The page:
Nobody tells you that for the first few months of your child's life you'll smell like vomit all the time, even when you're freshly showered. Nobody tells you that one day you'll be diapering your child and not have the answer to the question, "Is his penis supposed to look like that?" Nobody tells you that everything you have planned for your child and your family will probably not come to pass because before you are a parent you are an idealistic boob who doesn't know anything about being a parent.
Don't get me wrong. None of this should make you feel bad (although it will) because it's just one of those phase transitions from "boob" to "experienced" to "veteran" (when you're a grandparent, I guess).
Last night while I was doing the dishes I ran across another one of those things that falls under the job description of the parent that nobody tells you you're supposed to know. From the living room, barely over the roar of running water, I hear Tristan bellowing to me about how snakes lay eggs. I leaned back enough to see through the doorway that he was sitting on the couch with an open book on his lap. His "blanky" was wrapped around him and he looked like he was reading (except he can't read yet).
I told him he was right about that and then he yelled back, "Where do the eggs come out?"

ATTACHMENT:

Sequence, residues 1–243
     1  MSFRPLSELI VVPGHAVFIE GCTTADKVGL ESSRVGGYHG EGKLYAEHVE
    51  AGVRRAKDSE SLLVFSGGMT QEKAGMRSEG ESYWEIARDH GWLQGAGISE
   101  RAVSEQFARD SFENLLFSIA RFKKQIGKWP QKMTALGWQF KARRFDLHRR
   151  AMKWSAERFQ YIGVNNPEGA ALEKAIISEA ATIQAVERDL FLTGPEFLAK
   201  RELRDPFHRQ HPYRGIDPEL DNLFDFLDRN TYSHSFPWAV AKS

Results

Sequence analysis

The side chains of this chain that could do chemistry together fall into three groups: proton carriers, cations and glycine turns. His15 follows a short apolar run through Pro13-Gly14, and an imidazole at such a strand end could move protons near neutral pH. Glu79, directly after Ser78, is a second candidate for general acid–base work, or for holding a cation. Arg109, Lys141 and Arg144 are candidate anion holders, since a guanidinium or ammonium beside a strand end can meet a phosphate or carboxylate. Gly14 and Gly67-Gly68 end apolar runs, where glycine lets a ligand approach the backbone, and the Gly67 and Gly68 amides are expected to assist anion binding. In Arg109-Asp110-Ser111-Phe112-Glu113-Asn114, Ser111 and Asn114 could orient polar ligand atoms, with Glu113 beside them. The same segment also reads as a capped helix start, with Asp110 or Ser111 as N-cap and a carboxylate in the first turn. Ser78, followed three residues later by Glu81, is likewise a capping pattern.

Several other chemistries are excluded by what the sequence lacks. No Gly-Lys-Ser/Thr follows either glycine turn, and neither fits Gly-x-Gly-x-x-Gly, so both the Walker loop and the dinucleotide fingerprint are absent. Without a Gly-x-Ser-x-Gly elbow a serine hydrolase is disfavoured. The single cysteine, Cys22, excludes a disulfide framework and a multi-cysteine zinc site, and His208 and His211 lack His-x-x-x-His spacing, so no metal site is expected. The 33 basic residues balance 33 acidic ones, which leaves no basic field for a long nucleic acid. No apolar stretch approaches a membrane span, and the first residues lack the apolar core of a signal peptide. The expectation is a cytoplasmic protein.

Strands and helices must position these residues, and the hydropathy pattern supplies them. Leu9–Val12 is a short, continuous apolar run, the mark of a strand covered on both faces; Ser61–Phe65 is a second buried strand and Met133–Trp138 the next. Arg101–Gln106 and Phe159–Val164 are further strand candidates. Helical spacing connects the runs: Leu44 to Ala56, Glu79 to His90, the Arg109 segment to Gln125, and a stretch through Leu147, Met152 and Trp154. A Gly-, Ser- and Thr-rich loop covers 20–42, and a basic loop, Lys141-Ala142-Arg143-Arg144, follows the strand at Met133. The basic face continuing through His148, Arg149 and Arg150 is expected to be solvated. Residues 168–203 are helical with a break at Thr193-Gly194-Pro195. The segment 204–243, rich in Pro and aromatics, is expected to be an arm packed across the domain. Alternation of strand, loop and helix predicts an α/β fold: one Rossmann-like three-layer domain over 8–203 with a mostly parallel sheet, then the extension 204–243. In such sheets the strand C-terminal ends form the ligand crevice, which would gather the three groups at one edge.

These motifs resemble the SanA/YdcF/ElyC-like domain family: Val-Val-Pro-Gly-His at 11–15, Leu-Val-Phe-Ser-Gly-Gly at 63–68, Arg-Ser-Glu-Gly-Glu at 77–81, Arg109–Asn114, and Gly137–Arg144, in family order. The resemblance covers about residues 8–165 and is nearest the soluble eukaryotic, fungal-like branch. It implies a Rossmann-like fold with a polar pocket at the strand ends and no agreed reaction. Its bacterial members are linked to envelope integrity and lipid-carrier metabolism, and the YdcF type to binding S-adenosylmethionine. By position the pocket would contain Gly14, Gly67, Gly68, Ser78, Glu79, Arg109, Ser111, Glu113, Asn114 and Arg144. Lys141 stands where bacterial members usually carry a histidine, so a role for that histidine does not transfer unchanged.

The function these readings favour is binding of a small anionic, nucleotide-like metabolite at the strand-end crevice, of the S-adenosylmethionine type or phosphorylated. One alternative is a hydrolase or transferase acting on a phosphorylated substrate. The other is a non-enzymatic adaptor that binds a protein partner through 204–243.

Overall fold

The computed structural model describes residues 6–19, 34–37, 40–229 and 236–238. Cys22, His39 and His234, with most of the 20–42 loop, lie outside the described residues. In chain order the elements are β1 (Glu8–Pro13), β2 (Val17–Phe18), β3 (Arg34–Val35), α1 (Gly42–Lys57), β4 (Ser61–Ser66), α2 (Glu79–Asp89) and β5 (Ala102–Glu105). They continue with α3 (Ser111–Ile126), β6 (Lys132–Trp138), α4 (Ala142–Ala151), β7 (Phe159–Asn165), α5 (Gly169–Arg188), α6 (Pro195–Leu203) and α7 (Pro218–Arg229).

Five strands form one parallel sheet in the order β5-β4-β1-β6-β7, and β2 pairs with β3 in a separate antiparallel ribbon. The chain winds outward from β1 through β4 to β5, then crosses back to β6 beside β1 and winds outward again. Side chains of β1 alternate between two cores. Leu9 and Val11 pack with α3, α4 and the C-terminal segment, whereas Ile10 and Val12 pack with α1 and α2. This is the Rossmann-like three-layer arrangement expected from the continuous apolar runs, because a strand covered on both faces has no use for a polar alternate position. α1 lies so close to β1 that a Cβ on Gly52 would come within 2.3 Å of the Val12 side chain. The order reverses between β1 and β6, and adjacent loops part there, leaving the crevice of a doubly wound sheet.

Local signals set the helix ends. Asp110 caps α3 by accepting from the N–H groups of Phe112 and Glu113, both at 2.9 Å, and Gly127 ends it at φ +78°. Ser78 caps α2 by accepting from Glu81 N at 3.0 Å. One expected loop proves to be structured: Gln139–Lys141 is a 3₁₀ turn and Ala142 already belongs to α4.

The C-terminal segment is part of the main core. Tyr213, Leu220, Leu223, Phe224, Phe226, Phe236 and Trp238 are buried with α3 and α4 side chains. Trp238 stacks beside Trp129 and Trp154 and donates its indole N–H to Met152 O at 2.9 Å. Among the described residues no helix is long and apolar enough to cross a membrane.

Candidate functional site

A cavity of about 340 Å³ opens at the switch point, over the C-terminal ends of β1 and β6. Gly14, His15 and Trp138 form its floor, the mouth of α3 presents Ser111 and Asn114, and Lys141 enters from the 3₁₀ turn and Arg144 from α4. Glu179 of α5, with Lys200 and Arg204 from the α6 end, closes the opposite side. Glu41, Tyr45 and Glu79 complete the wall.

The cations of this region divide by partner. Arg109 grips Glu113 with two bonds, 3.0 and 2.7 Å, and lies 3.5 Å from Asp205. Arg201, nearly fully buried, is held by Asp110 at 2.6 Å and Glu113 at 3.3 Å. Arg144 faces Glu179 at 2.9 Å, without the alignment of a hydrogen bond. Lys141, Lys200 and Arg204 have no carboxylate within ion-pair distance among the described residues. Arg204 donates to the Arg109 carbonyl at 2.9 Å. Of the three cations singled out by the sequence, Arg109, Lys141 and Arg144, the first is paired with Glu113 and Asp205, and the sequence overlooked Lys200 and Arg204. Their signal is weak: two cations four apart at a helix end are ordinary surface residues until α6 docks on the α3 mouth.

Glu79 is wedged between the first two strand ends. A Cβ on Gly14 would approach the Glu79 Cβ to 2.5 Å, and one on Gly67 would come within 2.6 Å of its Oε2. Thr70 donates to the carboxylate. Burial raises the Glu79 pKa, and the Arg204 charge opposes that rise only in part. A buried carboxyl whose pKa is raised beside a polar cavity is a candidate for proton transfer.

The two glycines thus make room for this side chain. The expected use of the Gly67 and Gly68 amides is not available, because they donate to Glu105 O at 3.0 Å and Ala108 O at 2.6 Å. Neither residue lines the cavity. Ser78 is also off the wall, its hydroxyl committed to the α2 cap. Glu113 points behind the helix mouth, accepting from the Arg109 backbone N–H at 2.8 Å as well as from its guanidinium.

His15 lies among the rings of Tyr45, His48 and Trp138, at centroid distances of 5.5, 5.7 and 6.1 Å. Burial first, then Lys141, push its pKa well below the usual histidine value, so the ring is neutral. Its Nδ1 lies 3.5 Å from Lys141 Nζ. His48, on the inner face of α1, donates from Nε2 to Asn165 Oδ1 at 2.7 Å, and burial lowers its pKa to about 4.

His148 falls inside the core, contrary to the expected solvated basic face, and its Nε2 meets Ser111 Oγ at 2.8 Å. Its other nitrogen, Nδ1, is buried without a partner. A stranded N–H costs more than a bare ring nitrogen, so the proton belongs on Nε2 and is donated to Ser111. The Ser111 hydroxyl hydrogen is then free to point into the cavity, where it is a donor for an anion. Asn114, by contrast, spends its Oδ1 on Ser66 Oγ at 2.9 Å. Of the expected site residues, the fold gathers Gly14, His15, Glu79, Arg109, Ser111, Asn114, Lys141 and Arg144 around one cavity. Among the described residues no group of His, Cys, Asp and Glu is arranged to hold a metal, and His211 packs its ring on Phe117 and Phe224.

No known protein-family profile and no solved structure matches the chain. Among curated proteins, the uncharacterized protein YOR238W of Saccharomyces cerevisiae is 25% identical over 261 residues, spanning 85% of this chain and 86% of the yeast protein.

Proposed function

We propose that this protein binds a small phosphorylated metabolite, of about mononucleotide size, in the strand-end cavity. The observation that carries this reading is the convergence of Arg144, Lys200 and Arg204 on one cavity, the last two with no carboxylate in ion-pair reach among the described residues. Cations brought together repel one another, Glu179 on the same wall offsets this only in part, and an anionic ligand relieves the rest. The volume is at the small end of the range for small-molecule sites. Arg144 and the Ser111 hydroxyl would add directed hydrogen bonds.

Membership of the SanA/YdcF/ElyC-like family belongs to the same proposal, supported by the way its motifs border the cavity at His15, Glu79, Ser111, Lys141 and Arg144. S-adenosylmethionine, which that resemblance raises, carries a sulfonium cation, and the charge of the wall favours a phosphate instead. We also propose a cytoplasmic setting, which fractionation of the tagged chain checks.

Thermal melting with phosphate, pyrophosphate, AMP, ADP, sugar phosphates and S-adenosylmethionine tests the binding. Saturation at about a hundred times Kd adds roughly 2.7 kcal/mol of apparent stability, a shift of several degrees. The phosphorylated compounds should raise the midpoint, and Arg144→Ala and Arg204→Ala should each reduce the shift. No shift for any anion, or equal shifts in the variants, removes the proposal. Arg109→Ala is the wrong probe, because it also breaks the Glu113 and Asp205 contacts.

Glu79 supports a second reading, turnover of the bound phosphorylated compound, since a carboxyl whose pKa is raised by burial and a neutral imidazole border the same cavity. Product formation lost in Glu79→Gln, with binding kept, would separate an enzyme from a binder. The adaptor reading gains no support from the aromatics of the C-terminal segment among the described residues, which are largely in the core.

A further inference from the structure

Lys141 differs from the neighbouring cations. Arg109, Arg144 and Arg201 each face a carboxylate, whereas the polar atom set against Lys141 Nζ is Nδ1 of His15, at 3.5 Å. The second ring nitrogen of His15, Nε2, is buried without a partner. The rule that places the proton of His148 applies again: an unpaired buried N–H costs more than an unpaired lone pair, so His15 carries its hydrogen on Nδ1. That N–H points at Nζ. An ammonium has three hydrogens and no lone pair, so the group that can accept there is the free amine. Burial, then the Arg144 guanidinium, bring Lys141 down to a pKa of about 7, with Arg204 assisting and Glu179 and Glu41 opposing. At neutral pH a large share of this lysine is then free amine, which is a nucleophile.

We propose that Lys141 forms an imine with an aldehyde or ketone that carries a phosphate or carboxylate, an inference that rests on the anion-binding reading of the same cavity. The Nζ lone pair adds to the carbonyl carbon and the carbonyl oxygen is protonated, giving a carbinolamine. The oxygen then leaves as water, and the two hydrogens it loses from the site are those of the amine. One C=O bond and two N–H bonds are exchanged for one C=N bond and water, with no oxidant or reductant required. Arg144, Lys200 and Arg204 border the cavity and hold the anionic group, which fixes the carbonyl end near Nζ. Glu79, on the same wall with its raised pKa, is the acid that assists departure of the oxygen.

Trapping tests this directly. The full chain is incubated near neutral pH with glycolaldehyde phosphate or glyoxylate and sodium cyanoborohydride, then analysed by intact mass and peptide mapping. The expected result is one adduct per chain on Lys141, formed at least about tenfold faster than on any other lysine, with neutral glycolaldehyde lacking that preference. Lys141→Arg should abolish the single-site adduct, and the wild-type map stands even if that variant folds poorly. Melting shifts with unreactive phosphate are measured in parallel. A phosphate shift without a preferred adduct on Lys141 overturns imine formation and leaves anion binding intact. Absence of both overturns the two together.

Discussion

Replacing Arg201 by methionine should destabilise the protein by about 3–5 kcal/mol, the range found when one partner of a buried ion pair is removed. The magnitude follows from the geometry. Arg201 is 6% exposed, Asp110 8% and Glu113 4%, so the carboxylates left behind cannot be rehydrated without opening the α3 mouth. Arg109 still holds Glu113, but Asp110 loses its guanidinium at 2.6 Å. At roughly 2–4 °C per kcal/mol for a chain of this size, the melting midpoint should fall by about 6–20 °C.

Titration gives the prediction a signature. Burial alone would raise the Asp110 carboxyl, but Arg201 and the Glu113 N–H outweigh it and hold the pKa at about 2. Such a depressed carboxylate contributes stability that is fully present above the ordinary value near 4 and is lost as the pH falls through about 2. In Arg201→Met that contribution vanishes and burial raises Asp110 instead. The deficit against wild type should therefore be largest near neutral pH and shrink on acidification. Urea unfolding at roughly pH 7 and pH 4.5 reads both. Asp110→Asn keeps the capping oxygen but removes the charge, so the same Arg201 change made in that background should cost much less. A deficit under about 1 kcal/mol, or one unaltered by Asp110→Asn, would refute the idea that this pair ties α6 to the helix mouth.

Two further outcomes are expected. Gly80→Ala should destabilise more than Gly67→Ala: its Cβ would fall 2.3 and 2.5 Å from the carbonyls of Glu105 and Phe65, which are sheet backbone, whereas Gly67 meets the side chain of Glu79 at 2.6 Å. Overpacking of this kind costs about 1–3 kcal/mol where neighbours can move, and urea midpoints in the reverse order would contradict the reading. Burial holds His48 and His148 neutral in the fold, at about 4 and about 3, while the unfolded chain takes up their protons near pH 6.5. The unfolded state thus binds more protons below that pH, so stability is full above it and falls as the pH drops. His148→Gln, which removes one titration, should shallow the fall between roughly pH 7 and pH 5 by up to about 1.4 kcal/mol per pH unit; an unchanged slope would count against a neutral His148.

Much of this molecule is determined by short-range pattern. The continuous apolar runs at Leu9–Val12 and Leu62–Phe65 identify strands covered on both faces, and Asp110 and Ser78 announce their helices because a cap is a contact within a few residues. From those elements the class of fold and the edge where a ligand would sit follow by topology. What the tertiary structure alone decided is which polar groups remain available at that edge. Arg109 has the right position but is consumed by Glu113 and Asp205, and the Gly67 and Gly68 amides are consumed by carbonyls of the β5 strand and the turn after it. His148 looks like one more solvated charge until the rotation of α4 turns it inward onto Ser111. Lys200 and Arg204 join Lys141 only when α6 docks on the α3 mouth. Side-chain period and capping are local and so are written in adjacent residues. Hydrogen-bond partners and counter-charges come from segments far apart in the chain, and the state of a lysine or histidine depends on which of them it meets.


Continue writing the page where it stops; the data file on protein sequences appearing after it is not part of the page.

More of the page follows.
"Um... They... Well, uh... somewhere at the back end of the snake." Honestly, not being well-versed on my snake anatomy I had no idea where the eggs come out.
"Out of their bottom????"
I shut the water off so I could hear him better. "No, not out of their bottoms exactly. Some other part."
I searched my brain for answers. The answer must lie in how snakes reproduce. Oh hell, how do snakes even make babies? How can I live in the country and not know how snakes reproduce? Do they have male and female parts? Do snakes have sex? I stood at the dishdrainer completely perplexed and feeling like I'd hit a bump in the road and, like an old jalopy, part of my brain had fallen out and got left behind by the side of the road.
He continued shouting from the next room, "But I want to say the eggs come out of their bottom!"
"Okay, but I'm telling you that's not right."
"Yes, I am right!"
The good news is that no matter what gets added to your job description as a parent (and amateur herpetologist is part of it) you can easily be rescued by the Internet and work it in to make it look like you're enriching your child's educational experience. It's a great excuse to sit down with your child and look up vital and interesting science things.
Just be aware when you do a Google search the nice and normal scientific search terms you use can lead to some interesting semi-pornographic images coming up on your computer screen while you sit there with your four year old. And, of course, that can then lead to a lot of other questions that you probably don't have the answer to.